Many people at George Mason University do not realize that Mason Pond is actually there for stormwater management.
That bit of news was delivered by Mason researcher Jennifer Sklarew during her talk at the recent Head Above the Water event in Washington, D.C.
Planned by Mason Exhibitions in the School of Art, with collaborators including the DC Department of Energy and Environment, City as Living Laboratory, local artists, and guest speakers, Head Above the Water included a walk along D.C.’s Watts Branch and Oxon Run streams to raise awareness about flooding in those neighborhoods and the flood mitigation programs available to residents.
Mason is deeply committed to pioneering processes that can answer the grand challenges of water, its responsible management, and sustainability. In fact, the university’s interdisciplinary approach and cutting-edge research as part of its strategic direction, has turned Mason’s campuses into a Living Lab.
Take what Sklarew, an assistant professor in Mason’s Department of Environmental Science and Policy, said about Mason Pond.
“The stormwater channels that look like streams are components of the actual stormwater system,” she said. “The pipes outflow into those streams, and then everything goes into the pond.”
But that is just the tip of the iceberg when it comes to what Mason is doing and accomplishing when it comes to handling water resources on its campuses, using research and technologies that can be applied beyond to the broader community.
At Mason Square, Mason Innovation Partners encountered a serious infrastructure issue that posed a frequent stormwater challenge for the surrounding area of the new Fuse at Mason Square in the heart of Arlington’s Rosslyn-Ballston corridor.
Replacing the culvert required precise coordination with the future building foundation design and intricate sequencing to control the constant flow of stormwater as it was diverted from the old culvert pipes to a new 12 feet wide, 6 feet high box culvert.
Facilities also has an extensive list of mitigation protocols it applies to remove pollutants and control storm runoff flow rates, including Illicit discharge detection and elimination, and construction site runoff control.
Mason’s stormwater system is monitored by Facilities, which can prohibit projects that might interfere with the system. The university recently completed a stream restoration project on the Fairfax Campus that not only improved the flow of the waterways but added asphalt sidewalks and some lighting so the campus community can enjoy the paths.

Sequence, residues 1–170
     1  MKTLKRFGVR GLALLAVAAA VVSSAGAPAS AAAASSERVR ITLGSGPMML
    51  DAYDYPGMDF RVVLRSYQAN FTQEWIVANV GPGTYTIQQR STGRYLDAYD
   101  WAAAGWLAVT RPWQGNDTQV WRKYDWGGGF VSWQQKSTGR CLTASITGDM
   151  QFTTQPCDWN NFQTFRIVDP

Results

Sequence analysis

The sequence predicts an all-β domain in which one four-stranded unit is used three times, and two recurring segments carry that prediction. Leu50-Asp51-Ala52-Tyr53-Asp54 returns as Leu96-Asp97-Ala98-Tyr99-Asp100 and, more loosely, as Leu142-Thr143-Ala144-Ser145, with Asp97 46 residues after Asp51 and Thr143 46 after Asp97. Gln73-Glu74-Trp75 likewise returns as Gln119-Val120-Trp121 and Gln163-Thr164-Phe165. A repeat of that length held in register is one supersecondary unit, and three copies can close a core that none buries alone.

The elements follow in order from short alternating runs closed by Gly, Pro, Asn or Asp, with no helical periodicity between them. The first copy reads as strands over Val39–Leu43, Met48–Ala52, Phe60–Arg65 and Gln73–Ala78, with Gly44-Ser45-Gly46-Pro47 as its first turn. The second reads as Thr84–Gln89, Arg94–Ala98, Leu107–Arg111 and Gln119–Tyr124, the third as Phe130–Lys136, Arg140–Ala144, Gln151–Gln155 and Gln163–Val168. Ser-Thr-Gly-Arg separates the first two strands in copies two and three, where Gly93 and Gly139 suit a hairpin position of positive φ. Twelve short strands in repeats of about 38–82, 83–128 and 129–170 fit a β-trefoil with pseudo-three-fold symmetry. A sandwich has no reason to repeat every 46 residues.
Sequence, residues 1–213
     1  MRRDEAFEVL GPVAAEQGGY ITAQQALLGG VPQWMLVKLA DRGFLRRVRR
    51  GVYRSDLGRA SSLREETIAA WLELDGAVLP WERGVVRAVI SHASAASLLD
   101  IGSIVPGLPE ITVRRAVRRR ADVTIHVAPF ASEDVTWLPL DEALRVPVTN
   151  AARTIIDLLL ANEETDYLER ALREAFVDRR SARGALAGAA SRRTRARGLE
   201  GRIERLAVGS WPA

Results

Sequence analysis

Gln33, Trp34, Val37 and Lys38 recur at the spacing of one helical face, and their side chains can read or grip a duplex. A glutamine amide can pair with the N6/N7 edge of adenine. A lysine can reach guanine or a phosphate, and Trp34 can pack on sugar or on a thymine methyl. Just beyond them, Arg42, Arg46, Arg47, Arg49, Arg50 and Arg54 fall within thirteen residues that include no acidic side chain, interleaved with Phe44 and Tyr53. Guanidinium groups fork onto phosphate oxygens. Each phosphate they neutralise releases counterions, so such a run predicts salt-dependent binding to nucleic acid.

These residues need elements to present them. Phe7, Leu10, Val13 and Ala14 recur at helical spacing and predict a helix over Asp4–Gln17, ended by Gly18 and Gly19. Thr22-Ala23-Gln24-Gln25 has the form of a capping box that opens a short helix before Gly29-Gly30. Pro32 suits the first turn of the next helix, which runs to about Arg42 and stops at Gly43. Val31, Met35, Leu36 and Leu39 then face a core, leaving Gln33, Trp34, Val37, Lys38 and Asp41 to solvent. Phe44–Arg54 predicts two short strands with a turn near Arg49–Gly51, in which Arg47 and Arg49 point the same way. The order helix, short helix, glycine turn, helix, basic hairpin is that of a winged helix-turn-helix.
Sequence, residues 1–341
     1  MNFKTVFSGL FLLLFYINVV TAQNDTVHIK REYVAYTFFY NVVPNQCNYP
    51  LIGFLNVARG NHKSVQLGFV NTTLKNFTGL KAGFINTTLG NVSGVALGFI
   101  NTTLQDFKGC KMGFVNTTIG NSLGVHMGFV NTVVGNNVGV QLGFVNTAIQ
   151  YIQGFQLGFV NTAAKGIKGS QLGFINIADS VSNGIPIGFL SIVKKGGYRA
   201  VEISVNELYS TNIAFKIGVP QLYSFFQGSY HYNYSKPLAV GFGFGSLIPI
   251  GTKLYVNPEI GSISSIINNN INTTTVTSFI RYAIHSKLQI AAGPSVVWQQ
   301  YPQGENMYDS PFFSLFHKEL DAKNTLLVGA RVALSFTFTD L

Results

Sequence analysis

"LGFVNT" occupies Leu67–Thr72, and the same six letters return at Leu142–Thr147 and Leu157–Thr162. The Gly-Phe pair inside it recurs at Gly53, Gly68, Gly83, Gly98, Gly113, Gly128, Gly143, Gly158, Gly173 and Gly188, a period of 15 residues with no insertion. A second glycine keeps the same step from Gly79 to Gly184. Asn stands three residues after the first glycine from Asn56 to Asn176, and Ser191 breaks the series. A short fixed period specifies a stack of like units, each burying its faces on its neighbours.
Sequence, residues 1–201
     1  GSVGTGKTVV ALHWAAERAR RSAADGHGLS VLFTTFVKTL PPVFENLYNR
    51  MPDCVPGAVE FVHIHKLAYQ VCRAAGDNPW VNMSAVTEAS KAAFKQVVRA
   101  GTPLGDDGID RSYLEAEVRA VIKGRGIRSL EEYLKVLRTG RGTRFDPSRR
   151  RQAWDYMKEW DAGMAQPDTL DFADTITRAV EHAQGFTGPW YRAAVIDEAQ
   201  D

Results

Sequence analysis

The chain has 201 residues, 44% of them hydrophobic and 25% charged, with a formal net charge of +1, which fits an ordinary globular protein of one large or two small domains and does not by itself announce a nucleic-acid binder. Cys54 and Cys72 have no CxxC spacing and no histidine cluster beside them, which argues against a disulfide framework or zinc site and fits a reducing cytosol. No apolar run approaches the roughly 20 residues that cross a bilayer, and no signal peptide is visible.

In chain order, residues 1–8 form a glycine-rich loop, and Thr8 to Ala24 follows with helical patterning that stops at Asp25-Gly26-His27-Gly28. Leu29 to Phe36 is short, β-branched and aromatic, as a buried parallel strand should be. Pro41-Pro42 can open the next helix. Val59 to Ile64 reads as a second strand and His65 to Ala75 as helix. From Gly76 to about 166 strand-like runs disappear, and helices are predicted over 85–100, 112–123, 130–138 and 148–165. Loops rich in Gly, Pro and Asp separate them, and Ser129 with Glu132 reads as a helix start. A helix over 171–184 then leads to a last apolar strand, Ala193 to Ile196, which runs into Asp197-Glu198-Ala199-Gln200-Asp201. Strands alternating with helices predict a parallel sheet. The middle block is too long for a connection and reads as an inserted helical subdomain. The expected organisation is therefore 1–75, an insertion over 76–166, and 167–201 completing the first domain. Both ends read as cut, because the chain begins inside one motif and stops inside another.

Also on the Fairfax Campus, the irrigation system has sensors that register rainfall to control landscape watering. The irrigation system on the Science and Technology Campus evaluates local weather data. Additionally, the campus strives to create more vegetated regions, with green roofs, vegetated gardens and swales. There are also plans to design additional dry and wet retention ponds to reduce stormwater runoff and pollution in our waterways.
Celso Ferreira, an associate professor in Mason’s Sid and Reva Dewberry Department of Civil, Environmental, and Infrastructure Engineering, calls the approach engineering with nature—taking advantage of what nature already provides and using it efficiently in engineering.
“How can we use nature in a way that benefits society for flood protection other than being detrimental to causing more floods,” said Ferreira, who also heads Mason’s Flood Hazards Research Lab, a collaboration between multiple Mason colleges and the university’s Institute for Sustainable Earth. “We’re trying to investigate natural features that can help us in engineering design that we can use to smartly prevent flooding.”
Ferreira also co-directs the Virginia Climate Center, which works with local communities across the commonwealth to support climate resilience, action, and planning for communities. Ferreira said he tries to bring those concepts into the classroom “to make sure that the future engineering workforce that we’re graduating design and implement infrastructure in a way that they’re mindful of natural processes. Then we can use them smartly to prevent flooding.”
For Sklarew, the Head Above the Water event was a natural extension of the outreach work she does as a Mason faculty member.
“I go into rural communities and talk with them about what they think their challenges are for food, energy, water, and climate, and how to develop solutions that emerge from within the community rather than outside the community,” said Sklarew, who connects her research with environmental justice. “The walk on Oxon Run and Watts Branch is a great example of something like that.”